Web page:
• Stay on point. Make sure your answer addresses the question directly. This is not a chance for you to veer off into a different direction to profile something you want the judges to know. Stay on topic and know the judge is most grateful when they have an answer they can easily grade.
  • Don’t skip questions. Sounds obvious, right? You’d be surprised how many people skip questions. Every question left unanswered results in a judge marking down your application. Judges almost always work on a points system where the highest score wins. If you garner no points for an entire question or category, you’re likely taking yourself out of the running for a win.
  • Follow directions to the letter. Make sure every bit of required information is submitted with your original entry. Judges probably won’t be able to contact you if something is missing or incomplete. Most awards programs have a checklist of information needed to complete an application. Make sure to use it and tick off each item before you send your application off.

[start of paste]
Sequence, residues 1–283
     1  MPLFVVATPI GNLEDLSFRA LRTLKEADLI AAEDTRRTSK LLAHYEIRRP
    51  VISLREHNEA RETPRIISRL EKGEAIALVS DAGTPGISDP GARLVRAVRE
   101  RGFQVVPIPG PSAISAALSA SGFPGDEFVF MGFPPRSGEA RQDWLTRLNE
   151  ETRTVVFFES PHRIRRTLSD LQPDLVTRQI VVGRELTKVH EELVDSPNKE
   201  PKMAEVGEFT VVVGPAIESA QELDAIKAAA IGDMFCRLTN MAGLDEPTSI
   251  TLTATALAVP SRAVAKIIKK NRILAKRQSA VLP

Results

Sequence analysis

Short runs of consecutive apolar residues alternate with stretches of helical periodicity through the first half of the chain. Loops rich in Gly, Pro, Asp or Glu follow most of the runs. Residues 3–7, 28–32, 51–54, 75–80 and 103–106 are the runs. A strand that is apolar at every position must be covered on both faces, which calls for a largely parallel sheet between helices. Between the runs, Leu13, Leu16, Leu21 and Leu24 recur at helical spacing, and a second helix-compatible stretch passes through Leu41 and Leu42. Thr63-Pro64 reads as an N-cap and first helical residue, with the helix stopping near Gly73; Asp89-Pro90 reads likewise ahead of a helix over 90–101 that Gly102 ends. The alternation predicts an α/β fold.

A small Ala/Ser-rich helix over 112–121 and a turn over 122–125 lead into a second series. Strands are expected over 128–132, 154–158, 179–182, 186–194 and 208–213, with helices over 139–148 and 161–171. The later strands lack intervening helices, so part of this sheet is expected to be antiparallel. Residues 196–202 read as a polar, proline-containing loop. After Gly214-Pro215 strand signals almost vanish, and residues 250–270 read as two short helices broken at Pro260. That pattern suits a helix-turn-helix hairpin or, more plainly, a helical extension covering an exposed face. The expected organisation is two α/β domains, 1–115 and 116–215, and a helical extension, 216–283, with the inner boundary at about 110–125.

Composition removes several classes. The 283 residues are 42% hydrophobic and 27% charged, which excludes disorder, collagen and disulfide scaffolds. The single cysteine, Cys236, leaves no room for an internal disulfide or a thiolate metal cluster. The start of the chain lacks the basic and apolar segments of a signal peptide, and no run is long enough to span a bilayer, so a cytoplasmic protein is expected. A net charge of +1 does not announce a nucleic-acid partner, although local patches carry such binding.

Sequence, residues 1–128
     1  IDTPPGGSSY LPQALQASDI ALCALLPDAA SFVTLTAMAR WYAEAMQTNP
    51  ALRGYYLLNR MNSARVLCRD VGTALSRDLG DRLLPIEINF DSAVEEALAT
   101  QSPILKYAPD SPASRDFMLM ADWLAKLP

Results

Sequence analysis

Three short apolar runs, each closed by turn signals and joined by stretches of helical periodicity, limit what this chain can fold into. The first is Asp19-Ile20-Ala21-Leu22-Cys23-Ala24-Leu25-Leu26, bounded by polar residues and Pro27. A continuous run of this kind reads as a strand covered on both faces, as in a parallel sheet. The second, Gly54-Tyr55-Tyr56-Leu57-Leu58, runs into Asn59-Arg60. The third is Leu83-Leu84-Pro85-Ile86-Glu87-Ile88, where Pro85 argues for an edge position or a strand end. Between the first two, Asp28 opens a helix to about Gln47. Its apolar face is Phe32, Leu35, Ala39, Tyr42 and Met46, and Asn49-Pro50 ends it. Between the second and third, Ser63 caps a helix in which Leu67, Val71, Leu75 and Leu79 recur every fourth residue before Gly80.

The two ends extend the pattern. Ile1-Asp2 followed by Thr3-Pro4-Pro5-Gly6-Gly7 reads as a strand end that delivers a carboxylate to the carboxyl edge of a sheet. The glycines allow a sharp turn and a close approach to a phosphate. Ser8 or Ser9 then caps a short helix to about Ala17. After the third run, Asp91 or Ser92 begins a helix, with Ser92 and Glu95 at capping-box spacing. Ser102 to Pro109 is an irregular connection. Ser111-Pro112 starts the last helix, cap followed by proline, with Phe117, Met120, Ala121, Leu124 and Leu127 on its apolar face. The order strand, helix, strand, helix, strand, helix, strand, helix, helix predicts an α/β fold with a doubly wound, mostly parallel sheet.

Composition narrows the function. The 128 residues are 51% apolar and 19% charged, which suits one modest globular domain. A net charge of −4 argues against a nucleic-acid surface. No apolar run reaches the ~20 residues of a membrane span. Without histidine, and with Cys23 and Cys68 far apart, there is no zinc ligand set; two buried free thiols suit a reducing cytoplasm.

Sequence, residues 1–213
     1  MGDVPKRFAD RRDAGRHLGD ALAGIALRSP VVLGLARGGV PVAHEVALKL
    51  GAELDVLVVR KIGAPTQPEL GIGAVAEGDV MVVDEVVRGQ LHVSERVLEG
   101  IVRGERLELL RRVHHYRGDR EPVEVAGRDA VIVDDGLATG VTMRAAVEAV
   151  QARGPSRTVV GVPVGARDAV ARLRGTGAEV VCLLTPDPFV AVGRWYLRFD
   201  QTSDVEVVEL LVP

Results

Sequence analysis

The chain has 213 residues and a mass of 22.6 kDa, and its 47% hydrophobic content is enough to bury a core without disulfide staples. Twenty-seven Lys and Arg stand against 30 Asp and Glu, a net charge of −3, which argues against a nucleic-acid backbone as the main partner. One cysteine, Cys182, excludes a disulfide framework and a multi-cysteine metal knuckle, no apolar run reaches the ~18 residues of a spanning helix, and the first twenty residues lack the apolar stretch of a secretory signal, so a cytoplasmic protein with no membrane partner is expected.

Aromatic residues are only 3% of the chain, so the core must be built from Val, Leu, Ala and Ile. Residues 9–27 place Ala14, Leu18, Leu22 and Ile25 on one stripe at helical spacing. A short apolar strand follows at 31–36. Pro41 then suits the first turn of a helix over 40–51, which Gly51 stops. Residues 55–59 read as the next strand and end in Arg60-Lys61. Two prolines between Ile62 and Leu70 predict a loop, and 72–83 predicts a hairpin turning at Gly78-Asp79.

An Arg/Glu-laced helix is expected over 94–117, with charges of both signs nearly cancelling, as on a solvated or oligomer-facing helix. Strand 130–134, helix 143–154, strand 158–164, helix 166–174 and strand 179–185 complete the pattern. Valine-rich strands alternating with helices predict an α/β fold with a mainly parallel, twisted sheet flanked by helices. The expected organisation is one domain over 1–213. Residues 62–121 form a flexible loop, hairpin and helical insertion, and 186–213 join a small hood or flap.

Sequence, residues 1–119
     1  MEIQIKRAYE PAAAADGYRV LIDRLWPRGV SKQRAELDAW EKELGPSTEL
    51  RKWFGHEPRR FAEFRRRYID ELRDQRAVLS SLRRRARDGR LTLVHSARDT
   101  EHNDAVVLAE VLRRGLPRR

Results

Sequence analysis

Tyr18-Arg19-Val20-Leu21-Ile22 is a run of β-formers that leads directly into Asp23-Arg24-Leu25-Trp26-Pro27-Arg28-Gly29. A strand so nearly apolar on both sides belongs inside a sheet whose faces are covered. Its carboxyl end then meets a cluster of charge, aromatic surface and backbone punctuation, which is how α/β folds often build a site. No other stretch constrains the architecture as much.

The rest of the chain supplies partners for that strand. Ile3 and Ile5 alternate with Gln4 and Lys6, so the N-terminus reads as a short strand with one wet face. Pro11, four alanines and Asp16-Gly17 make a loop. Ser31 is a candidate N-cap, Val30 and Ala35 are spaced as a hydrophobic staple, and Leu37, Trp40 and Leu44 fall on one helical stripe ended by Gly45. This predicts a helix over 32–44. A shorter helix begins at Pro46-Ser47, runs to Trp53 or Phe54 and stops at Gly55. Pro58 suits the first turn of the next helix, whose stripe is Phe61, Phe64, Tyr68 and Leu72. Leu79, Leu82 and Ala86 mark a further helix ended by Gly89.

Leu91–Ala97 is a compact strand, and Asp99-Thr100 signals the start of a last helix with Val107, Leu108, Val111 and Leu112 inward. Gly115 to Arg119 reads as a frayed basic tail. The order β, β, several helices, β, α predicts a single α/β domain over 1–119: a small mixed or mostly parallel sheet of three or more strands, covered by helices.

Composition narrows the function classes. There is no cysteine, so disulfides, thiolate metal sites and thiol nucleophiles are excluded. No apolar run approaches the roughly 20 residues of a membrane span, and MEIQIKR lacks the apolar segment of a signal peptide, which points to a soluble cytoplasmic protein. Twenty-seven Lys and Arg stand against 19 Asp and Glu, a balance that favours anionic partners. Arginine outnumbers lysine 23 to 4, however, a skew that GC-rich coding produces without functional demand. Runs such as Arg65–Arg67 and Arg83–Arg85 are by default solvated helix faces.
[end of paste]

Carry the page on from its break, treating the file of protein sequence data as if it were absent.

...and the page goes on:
• Stick to the word count. Word counts are designed to ensure judges have enough time to get through all the entries in the allotted time. Going over word count does not impress anyone. Take it from a judge; we often spend evenings or weekends reviewing entries, so longer is not If you’re using an online submission form, anything over the allotted word count will be cut off and the judges will never know what was left off.
  • Write off line. Regardless if you’re writing and printing your application or filling out an online form, you’ll want to write the entire thing on paper before you submit. The websites of popular contests often crash during peak periods and you don’t want to lose all your hard work because of a system failure. Also, committing everything to a single document before you send it allows you to ensure there’s been no repetition, inconsistencies or contradictions in your entry form.